Review - Ray Davies, Paramount Theatre, Austin, Texas

From: Chris Owens
Date: July 23, 2006

Ray Davies ended out the second leg of his North American tour with a tight, muscular and very entertaining set played for a packed house of enthused and dedicated followers at Austin's Paramount Theater. The one hour and fifty minute performance covered the gamut from the earliest Kinks hits to eight new tracks from Ray's fine solo effort, OTHER PEOPLE'S LIVES, about which he told the crowd he was discovering most of the songs were really about him. Indeed, themes of trust,facing reality and seeking redemption permeate new numbers like "Creatures of Little Faith", "After the Fall" and "Things Are Gonna Change (The Morning After)" indicating that Ray is still tackling real-life issues in song (and rather effectively at that) at a time when many of his contemporaries are content to rest on the laurels of their past successes. (Although we'll see this fall whether or not Pete Townshend can breathe new life into new songs for the Who.)

Make no mistake about it, Ray is far from finished and there was no hint of nostalgia in the way he brought new vitality to Kinks Klassics like the opening "I'm Not Like Everybody Else" (which the youngsters in our group recognized from the IBM commercial!) and "Twentieth Century Man" which was sung with more conviction than I'd ever heard before. The band, including Mark Johns on intricate yet restrained lead guitar, were even tighter than at their Chicago show on leg one of the tour, and if you closed your eyes during "where Have All the Good Times Gone" and "All Day and All of the Night", you could almost believe you were experiencing the Kinks in Koncert once again. With the news of brother Dave's continued recovery and Ray stating they would try writing together again, hope for a Kinks reunion springs eternal. Meantime, this band is as close as we're likely to get and they are pretty damn good. On Monday they will be recording a taping of Austin City Limits, Mr. Dav! ies' first ever appearance on the long-running music show. If you missed Ray and band on either of their brief U.S tours this year, you owe it to yourself to tune in to ACL (probably in the next month or two?) to see what you've been missing. The set list as I remember it is as follows. I met long-time Kinks fanatic Frank Lima at the show, so I hope he will correct me if I messed up the order too badly or left something out. (Nice MISFITS T-shirt, Frank!)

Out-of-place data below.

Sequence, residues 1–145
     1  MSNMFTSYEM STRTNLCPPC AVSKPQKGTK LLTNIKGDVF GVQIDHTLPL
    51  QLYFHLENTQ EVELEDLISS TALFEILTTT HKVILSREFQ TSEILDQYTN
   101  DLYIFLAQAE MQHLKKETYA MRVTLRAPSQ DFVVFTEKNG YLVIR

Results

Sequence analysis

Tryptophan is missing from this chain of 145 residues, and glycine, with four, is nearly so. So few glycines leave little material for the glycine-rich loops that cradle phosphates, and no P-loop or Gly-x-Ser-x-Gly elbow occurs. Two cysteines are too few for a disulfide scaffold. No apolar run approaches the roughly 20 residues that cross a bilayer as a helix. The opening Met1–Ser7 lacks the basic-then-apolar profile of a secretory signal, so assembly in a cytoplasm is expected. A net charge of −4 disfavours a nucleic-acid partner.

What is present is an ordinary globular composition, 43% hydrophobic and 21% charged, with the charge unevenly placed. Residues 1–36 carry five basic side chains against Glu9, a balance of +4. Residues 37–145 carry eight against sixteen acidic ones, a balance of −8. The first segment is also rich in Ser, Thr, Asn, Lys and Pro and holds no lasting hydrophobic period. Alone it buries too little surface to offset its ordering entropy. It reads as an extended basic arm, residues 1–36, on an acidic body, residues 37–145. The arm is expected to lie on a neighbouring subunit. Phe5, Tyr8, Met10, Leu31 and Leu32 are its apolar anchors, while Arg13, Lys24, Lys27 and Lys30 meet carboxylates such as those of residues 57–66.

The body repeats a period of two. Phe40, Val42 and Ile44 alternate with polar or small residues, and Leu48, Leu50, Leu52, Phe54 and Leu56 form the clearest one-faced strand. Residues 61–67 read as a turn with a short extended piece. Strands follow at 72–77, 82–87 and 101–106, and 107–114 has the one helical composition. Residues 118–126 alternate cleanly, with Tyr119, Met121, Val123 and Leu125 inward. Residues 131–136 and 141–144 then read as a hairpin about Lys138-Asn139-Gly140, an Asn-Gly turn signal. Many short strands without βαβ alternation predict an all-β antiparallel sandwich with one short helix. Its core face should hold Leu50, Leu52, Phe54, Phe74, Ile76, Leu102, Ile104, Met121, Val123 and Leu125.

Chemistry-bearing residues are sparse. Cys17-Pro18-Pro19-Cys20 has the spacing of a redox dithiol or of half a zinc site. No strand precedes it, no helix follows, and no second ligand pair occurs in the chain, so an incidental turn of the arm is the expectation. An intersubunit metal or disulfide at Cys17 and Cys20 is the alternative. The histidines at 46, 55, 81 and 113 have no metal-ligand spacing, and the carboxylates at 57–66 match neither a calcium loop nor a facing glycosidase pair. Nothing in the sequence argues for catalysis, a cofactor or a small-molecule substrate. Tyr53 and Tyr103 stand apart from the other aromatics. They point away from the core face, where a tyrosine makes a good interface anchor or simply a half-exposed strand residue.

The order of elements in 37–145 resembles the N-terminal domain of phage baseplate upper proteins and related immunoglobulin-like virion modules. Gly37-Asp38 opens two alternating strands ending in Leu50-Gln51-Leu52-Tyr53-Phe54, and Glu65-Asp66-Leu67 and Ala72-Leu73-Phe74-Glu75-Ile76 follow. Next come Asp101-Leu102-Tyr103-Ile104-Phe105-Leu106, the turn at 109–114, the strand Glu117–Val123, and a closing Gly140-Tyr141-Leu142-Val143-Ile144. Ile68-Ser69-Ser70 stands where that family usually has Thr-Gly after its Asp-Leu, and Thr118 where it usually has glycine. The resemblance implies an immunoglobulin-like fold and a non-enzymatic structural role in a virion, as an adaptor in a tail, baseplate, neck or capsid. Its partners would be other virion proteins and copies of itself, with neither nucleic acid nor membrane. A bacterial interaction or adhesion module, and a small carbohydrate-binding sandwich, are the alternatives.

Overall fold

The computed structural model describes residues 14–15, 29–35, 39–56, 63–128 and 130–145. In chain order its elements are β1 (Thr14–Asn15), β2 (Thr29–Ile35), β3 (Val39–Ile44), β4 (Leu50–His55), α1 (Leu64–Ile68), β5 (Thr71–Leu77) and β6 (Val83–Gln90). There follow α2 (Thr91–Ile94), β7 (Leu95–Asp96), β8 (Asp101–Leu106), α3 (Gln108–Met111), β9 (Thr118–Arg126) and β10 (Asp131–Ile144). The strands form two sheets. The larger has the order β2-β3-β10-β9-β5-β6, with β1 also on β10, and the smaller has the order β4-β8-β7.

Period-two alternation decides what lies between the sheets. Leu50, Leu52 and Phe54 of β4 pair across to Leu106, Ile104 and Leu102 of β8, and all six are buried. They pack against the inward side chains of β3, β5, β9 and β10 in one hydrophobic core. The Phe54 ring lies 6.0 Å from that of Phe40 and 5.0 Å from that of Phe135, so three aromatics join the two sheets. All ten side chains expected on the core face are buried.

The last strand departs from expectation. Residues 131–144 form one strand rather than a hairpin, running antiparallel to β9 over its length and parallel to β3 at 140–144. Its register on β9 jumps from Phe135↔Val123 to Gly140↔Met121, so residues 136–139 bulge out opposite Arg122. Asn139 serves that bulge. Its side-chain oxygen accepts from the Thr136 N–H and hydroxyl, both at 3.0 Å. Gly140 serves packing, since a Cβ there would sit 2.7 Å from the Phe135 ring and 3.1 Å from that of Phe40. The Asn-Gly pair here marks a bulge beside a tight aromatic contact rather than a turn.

I'm Not Like Everybody Else
Where Have All the Good Times Gone
After the Fall
Run Away From Time
Next Door Neighbour
Creatures of Little Faith
Oklahoma U.S.A.
20th Century Man
The Tourist
Sunny Afternoon
Till the End of the Day
Over My Head
Things Are Gonna Change (The Morning After)
All Day and All of the Night


A Long Way From Home
The Getaway (Lonesome Train)
Celluloid Heroes
You Really Got Me


Low Budget

"Celluloid Heroes" has been added to the set list in recent shows and Ray performs it solo with acoustic guitar. It was the most poignant and beautiful reading I have ever heard him do, either with band or alone, and the lyrics really are appropriate these days when cult of celebrity is all the rage, especially on shows like American Idol. Too often it seems we're more interested in "Other People's Lives" (especially if they're rich and famous) than our own, but I think Ray got it right when he sang: "Everybody's a dreamer and everybody's a star/And everybody's in showbiz, it doesn't matter who you are/And those who are successful, be always on your guard/Success walks hand in hand with failure/Along the Hollywood Boulevard." Although a certified dreamer and would-be star (at least in my own mind) I obviously couldn't have put it any better. Here's hoping that Ray Davies' star shines on brightly for many many years to come!